Audi RS3 v Mercedes AMG A45 - premium super hatch shootout
How do these two fast, powerful and grippy super hatches compare when pitted against one another?
We’re quite used to hot hatches at evo. Cars with more to shout about than their demure hatchback exteriors might suggest is absolutely nothing new. But, the Mercedes-AMG A45 and Audi RS3 – part of the new crop of super hatches – are on a level of performance that even we find exceptional. With over 360bhp and 330lb ft of torque, and 0-62mph in less than 4.6sec there’s no doubting that these two are very serious performance cars.
It’s not just the numbers that are impressive. Both of these cars cover ground at such a startling rate you see antisocially high speeds more often than you’d expect. More often than you really want, too.
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Accidentally seeing such high speeds in the RS3 can almost entirely be blamed on the noise its engine makes. Once above 4000 rpm the sound its 2.5 litre, 5-cylinder turbocharged engine emits is equal parts Audi Sport Quattro and Audi R8 V10. Hearing it becomes addictive. If you let the engine rev right out to its 6800rpm limit the next gear will kindly keep the revs in the noise sweet spot. With every gear the speed just keeps piling on, with the noise distracting you from exactly how quick you’re going.
What makes these insane speeds even easier to inadvertently achieve is just how capable the RS3 is. Fast corners are a doddle; they’re eaten up with just a small lift and no drama. However, slow corners do highlight the RS3’s weaknesses. Turn in with a little trail braking and initial turn-in is encouraging.
In fact, the wavey edged brakes on the RS3 made it squirm around and feel very excitable under heavy braking. Mid-corner, as soon as you’re back on the power, your only real option is choosing how much understeer you want. With a constant throttle the RS3 stays fairly neutral, but accelerate with any steering angle and it starts to wash wide. Short, mid speed corners, where only a dab of brake and a small flick of steering is needed, the RS3 can feel quite satisfying. These situations aren’t frequent enough though, and the RS3 leaves you with a mild sense of frustration rather than any sort of gratification.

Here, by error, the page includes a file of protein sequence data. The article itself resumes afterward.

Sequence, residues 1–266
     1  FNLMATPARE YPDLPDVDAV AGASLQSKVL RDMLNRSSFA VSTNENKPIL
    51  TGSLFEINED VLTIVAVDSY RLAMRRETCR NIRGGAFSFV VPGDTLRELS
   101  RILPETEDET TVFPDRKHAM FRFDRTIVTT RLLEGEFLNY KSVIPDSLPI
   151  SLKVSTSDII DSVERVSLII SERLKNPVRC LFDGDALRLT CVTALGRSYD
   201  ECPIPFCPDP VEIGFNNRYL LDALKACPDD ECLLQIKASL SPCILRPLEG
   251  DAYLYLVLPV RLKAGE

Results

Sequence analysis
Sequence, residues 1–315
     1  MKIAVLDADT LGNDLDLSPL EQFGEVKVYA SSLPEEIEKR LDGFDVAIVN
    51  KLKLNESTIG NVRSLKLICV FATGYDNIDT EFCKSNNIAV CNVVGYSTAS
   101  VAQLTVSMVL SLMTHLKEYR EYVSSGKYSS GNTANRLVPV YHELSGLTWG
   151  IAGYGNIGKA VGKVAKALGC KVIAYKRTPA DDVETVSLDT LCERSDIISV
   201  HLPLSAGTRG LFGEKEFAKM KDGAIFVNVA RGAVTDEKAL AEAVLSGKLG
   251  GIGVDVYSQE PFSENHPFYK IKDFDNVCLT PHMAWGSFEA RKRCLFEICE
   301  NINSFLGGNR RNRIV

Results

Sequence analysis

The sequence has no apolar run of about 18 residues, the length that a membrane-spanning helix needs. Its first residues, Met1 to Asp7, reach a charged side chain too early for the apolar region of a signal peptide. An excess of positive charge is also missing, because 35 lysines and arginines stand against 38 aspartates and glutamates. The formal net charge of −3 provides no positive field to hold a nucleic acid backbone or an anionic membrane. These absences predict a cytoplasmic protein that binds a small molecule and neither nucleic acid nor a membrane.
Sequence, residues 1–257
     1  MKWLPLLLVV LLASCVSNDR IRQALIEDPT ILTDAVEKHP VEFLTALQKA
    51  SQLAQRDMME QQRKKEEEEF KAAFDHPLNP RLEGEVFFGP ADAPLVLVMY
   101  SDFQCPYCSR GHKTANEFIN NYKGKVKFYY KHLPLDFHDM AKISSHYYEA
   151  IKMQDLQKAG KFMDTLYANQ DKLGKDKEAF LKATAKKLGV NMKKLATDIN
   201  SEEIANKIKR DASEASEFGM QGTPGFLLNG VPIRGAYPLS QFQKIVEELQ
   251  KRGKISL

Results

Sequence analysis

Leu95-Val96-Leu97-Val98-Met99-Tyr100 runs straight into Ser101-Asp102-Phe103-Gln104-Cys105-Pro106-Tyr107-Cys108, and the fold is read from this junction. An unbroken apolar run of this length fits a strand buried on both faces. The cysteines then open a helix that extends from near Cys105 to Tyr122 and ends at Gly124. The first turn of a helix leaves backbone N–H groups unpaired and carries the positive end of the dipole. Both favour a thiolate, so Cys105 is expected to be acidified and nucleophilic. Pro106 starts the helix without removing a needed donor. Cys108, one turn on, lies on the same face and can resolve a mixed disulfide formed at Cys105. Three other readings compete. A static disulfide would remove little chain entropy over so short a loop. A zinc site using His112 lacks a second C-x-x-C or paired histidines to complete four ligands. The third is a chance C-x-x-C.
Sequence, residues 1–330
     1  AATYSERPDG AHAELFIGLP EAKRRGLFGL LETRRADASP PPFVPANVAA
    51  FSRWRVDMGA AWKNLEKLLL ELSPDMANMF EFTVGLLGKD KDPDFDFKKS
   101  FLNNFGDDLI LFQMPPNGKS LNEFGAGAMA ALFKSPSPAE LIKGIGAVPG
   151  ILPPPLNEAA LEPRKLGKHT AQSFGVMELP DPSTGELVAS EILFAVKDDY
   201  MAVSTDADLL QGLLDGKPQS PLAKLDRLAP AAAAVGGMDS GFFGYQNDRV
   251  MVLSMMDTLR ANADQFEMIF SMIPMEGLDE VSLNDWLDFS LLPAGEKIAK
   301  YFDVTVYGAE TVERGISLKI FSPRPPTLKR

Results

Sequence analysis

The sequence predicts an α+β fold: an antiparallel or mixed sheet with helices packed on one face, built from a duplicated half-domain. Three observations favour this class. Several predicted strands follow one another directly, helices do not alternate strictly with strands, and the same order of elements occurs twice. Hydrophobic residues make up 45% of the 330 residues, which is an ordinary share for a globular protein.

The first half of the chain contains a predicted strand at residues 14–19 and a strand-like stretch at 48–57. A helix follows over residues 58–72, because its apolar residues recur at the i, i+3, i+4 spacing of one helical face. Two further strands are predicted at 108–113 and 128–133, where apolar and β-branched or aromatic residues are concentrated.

It should be mentioned that for this test the RS3 was on winter tyres, a set of Pirelli Sottozeros. Had the RS3 been on performance summer tyres, the understeer may not have been as noticeable and that would have made it more enjoyable.
On summer tyres, the RS3’s limits are even higher and it feels more secure. However, there’s a still a moment of loosesness on turn-in and it will start to understeer sooner than the A45.
The RS3’s cabin, like most Audis at the moment, is a nice place to be. The seats are plush and the cushioning feels deep, but are set a fraction too high. They do lack a bit of support around your waist but there’s plenty at the shoulders. As it’s a performance car there’s the obligatory carbon fibre and the RS3’s trim looks more convincing than most. In fact the quality of all the materials is impressive, nothing giving away its humble A3 roots.
The same can’t be said of the A45. The scratchy plastics around the transmission tunnel let you know the A45 is based on one of Mercedes’ cheapest models. The dash seems to be covered with black vinyl embossed with a carbon fibre pattern and the air vents are surrounded by shiny red. However, the steering wheel has Alcantara sections at 3 and 9 o’clock right where your hands go – unlike the RS3, where the Alcantara is on the top and bottom. The aluminium switchgear with cutout icons looks premium and feels solid. The seats, shared with other AMG models, are supportive and look brilliant. The steering wheel, seats and switches almost make up for the ill-judged splashes of red and faux carbon fibre.
The A45’s ride is severe and there’s very little roll. Its seats, although nicely supportive, are firm which adds to a slight feeling of being thrown around. The hard ride, however, does result in a huge amount of body control. Over crests or out of compressions, the body is resolutely tied down. The steering doesn’t offer much in the way of feedback, but what’s going on is translated clearly up through the stiff chassis and firm seats.
The AMG’s reluctance to understeer is as impressive as its sheer determination to reach, and maintain, exceptionally high speeds. Out of the corners, the traction generated by the four-wheel drive is huge. Get on the power early in the corner and it feels like the outside rear wheel is helping to push you round, catapulting you out of the bend. Should you wish to trim your line, a lift makes a slight difference. The AMG isn’t dramatic but it feels intuitive and gives you great confidence to drive quickly.
If you simply want something fast and practical then both cars do this well. The fact they’re so fast is almost to their detriment, though. They go about achieving high speeds at the expense of fun and involvement.
The Audi sounds spectacular, and having an engine that feels genuinely special in a fairly ordinary package is such a delight. The winter tyres might have given the RS3 an unfair handicap, but even with higher limits of grip the A45 felt more natural close to its limits and gave greater feedback. The A45 might not be the most expressive car, but it feels more resolved than the RS3 and is therefore the more enjoyable car.